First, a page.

Time Marches On… And There’s Nothing You Can Do About It.

I’m not sure why for my very first blog entry a classic Boston tune would pop into my head as an inextricable ear-worm, but here it is…

“It’s been such a long time. I think I should be goin’. And time doesn’t wait for me, it keeps on goin…”

While I was never much of a Boston “fan” per se, probably because I was inundated with this tune (and other hits of theirs) over and over on my Gainesville, Florida hometown radio station Rock 104 (now Country 103.7) almost as much as the incessant Tom Petty (my fellow Gainesville High Alum’) and ubiquitous southern rock of Skynyrd and The Allman’s there is something truly salient about this lyric at this particular station in my life.

While I was a product of the deeply rooted blend of country and Americana-tinged rock of the North Florida regions’ 70’s to early 80’s output, I definitely went far afield in my own musical tastes in middle school-high school: I.E my embracement of The Police, Missing Persons, RUSH, The Fixx, Red Rider, U2, INXS, Big Country and Nik Kershaw. I just never could relate to the music that, ironically enough, was so influential on so many of my longtime colleagues, bandmates and artist/employers. It just didn’t resonate the way the afore-mentioned bands did at a visceral and emotional level.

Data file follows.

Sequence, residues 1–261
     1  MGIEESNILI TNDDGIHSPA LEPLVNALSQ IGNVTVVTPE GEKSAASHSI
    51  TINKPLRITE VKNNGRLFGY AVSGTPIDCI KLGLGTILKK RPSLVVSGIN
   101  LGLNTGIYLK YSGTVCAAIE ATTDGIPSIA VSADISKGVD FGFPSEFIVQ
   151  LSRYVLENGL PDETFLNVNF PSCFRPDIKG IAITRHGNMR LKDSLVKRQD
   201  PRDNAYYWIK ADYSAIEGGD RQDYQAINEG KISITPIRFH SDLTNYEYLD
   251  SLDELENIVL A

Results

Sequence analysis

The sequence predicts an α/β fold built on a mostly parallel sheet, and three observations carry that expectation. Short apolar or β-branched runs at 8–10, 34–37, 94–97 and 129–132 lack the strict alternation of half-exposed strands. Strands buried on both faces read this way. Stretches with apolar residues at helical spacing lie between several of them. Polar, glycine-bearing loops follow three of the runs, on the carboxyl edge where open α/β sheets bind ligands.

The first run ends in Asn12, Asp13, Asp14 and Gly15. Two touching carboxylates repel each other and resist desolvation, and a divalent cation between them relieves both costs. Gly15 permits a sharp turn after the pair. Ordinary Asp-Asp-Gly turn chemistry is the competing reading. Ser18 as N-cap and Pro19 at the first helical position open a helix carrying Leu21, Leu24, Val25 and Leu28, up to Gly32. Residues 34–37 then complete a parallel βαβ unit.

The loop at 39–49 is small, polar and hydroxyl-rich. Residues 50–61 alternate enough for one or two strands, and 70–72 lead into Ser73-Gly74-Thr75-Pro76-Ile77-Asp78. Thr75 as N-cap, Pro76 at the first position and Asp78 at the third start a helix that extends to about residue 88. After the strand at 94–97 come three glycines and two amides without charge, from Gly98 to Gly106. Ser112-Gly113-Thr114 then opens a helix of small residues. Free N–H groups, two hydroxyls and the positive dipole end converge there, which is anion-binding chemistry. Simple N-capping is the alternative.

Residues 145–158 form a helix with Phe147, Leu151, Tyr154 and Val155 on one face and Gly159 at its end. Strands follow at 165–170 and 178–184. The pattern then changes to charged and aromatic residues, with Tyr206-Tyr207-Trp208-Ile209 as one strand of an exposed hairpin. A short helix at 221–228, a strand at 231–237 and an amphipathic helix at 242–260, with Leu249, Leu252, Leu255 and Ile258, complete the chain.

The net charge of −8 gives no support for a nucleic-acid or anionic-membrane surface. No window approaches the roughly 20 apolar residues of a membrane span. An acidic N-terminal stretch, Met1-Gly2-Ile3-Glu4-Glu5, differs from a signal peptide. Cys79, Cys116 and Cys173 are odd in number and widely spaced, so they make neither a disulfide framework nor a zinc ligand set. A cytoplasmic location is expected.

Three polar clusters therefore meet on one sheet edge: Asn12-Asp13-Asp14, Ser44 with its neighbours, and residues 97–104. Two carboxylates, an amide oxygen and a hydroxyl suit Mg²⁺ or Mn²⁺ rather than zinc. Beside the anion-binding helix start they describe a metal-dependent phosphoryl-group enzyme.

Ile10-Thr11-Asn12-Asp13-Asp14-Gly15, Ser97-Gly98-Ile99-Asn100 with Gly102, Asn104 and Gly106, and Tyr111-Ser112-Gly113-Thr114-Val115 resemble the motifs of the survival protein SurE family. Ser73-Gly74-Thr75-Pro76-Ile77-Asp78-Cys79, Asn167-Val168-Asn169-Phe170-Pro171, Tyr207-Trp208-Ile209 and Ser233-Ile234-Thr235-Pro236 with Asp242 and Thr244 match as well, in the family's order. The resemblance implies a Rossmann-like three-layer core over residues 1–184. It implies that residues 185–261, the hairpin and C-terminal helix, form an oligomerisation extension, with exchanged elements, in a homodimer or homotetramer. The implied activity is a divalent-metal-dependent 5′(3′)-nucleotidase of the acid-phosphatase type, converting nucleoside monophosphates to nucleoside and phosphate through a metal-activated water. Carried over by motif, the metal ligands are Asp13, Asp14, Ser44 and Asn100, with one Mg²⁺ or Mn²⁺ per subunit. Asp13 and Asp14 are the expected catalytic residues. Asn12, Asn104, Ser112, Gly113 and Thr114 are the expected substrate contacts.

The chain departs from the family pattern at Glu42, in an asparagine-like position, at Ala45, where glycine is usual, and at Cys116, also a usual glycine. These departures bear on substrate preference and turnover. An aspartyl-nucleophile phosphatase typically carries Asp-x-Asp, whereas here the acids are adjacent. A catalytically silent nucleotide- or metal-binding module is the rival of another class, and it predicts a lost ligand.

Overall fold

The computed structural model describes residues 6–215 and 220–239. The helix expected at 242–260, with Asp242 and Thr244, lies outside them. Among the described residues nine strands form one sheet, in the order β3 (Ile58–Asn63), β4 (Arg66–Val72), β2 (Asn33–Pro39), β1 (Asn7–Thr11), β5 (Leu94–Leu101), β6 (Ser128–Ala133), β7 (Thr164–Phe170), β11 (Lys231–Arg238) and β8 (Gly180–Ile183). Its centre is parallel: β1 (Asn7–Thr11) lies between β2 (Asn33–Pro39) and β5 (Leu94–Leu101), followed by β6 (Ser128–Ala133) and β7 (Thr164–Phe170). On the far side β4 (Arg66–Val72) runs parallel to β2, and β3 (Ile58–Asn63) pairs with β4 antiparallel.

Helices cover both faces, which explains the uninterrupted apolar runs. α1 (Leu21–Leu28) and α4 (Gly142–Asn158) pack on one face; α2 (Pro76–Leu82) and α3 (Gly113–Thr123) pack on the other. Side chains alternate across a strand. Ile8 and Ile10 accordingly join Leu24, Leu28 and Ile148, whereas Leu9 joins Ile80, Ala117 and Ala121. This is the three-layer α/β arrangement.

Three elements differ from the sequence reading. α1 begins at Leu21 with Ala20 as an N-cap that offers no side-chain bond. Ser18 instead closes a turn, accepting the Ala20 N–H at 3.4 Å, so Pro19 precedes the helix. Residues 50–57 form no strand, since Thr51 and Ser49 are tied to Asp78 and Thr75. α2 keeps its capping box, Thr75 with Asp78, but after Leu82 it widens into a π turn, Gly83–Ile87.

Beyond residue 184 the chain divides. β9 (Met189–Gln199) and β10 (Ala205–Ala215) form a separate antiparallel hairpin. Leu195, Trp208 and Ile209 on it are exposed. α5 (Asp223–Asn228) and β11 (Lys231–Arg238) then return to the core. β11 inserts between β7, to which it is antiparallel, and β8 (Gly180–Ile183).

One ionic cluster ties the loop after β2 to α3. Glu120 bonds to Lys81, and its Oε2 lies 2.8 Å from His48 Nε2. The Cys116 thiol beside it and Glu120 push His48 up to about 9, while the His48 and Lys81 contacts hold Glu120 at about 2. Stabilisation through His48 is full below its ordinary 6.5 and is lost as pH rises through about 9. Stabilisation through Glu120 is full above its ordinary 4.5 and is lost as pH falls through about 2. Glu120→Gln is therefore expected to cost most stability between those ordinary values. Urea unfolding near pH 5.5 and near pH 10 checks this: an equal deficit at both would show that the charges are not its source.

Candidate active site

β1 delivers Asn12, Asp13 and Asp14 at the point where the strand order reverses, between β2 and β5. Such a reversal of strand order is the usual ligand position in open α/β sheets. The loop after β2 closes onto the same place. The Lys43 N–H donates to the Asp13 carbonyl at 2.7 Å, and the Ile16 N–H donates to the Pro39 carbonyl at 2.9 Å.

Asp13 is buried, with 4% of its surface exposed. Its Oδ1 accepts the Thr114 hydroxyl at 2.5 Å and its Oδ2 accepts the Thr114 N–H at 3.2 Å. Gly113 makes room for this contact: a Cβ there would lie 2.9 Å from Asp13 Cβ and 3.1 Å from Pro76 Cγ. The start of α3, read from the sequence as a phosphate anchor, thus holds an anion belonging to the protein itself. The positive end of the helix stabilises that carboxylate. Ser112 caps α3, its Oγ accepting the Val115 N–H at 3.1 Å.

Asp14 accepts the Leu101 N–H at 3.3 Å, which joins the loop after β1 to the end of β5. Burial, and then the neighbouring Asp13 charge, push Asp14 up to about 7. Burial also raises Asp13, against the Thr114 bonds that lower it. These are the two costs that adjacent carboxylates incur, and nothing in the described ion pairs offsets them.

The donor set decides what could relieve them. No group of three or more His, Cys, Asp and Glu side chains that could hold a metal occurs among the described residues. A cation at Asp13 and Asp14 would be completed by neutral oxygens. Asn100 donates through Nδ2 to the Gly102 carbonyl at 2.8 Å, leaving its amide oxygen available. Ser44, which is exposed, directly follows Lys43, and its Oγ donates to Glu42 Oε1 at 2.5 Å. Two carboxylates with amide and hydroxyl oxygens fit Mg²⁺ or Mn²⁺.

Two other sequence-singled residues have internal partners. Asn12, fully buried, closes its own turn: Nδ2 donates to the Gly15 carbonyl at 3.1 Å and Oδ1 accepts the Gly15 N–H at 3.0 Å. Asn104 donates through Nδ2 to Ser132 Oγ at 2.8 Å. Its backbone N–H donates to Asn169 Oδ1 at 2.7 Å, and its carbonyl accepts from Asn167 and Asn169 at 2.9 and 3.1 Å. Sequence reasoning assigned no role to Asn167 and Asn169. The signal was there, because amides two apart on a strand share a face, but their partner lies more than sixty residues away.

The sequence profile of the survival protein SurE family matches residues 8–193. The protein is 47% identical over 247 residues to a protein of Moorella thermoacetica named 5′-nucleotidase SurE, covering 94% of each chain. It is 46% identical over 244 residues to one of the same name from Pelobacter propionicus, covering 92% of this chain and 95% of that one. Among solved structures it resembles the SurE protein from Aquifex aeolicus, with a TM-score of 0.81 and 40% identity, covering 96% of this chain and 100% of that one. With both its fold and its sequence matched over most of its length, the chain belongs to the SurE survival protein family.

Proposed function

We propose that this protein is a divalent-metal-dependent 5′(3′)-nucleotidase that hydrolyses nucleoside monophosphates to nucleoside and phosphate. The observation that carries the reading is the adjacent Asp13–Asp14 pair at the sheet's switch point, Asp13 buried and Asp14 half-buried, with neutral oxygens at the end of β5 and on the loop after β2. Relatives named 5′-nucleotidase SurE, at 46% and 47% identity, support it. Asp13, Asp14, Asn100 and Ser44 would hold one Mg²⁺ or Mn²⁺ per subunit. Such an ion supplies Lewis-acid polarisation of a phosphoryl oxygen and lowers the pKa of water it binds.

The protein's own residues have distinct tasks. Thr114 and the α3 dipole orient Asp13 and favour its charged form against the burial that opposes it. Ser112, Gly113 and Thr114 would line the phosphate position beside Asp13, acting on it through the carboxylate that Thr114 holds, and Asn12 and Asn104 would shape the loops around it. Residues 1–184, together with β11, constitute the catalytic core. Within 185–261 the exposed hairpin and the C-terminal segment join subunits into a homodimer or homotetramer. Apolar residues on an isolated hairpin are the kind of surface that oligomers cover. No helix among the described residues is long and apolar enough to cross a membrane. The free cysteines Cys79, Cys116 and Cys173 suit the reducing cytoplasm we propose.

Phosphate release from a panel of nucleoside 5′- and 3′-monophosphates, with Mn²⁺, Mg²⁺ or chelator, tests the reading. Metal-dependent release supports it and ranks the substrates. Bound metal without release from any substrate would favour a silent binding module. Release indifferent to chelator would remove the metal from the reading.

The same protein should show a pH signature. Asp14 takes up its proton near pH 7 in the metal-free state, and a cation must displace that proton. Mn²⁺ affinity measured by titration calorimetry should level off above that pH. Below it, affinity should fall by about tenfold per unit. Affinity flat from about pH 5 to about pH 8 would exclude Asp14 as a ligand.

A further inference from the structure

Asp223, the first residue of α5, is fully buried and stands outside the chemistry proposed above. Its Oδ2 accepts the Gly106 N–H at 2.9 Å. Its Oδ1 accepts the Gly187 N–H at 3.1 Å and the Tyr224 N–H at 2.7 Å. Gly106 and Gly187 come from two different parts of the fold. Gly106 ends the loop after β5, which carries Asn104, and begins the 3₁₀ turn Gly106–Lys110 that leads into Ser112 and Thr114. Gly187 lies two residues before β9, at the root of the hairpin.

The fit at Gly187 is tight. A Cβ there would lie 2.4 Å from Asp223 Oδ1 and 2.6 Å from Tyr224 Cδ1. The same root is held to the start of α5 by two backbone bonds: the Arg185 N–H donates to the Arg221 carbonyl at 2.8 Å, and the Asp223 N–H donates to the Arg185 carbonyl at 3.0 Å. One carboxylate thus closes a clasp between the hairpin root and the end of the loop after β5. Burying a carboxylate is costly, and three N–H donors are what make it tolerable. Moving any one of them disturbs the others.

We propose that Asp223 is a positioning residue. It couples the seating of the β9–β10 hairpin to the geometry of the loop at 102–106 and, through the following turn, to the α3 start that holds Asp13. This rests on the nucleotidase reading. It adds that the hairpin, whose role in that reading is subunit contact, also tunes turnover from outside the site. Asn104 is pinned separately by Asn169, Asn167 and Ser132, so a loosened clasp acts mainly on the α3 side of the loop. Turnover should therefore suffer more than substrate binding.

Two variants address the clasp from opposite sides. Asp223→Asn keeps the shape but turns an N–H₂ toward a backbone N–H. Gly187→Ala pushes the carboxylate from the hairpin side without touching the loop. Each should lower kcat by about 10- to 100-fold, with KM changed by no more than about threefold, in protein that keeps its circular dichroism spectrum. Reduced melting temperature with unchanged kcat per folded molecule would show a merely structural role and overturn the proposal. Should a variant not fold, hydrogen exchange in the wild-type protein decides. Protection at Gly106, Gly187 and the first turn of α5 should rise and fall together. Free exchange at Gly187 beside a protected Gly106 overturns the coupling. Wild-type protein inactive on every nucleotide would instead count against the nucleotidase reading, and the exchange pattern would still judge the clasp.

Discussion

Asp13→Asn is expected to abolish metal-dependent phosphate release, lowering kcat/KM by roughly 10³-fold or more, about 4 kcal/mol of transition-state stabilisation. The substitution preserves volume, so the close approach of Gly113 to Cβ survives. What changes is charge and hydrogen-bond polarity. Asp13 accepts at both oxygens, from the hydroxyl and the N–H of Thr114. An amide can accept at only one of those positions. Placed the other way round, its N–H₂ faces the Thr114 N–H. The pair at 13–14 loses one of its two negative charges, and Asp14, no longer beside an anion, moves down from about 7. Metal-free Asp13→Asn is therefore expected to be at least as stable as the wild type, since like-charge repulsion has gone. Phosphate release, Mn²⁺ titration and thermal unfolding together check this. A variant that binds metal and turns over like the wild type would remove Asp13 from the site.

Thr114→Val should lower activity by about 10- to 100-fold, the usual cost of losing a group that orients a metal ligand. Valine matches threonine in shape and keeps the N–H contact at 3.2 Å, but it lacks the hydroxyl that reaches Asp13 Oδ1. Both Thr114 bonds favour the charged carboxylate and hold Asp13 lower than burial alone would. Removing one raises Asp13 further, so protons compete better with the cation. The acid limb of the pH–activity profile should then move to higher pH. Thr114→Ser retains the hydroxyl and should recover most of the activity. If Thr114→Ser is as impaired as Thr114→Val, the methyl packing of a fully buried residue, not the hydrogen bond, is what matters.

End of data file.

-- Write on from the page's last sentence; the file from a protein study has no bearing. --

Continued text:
Looking back on this semi-disdain with the advantage of 20/20 hindsight I find it mildly amusing that my musical career would lead me to again and again be associated with, and/or actually PLAY so much of the afore-mentioned de rigur “classics” that I held so much disdain for in my teen years. And of course, I’ve hardly ever sniffed any opportunities with the likes of Sting, Seal, Tears for Fears, Big Wreck or any other derivative artist of the genres that I longed to be a part of. Well, other than my one gig in Singapore (back in 2012) with Wang Chung!! Thanks again Dave Cohen!! 😉

My longtime and current employer, (even amidst this COVID madness) Tracy Lawrence also has a penchant for reminding me of the passage of time with one of his longtime chestnuts “Time Marches On”. As alluded to above, it does indeed march past with the intensity and focus of the Blue Devils drum and bugle corps in one of their many championship years.

As I watched my son Bryant turn 10 yesterday while simultaneously hearing of the passing of a wonderful friend/musician/colleague in Denton Elkins I was once again smacked square in the face with the harsh wet rag of life’s tenuous nature. Something akin to the old adage about the “NFL” equating to “Not For Long”. How true for us all that acronym must be.

As such, in my first rambling musing here, I simply wanted to share my gratitude and love for all of the wonderful family, friends, mentors and musical colleagues who’ve imparted so much upon me and afforded me the opportunity to maintain some semblance of a “career” as a professional musician. Whether they be with us in this world or passed on to another it feels more important than ever to let down ones guard and dispense with artifice to authentically acknowledge what they’ve meant to me in this life.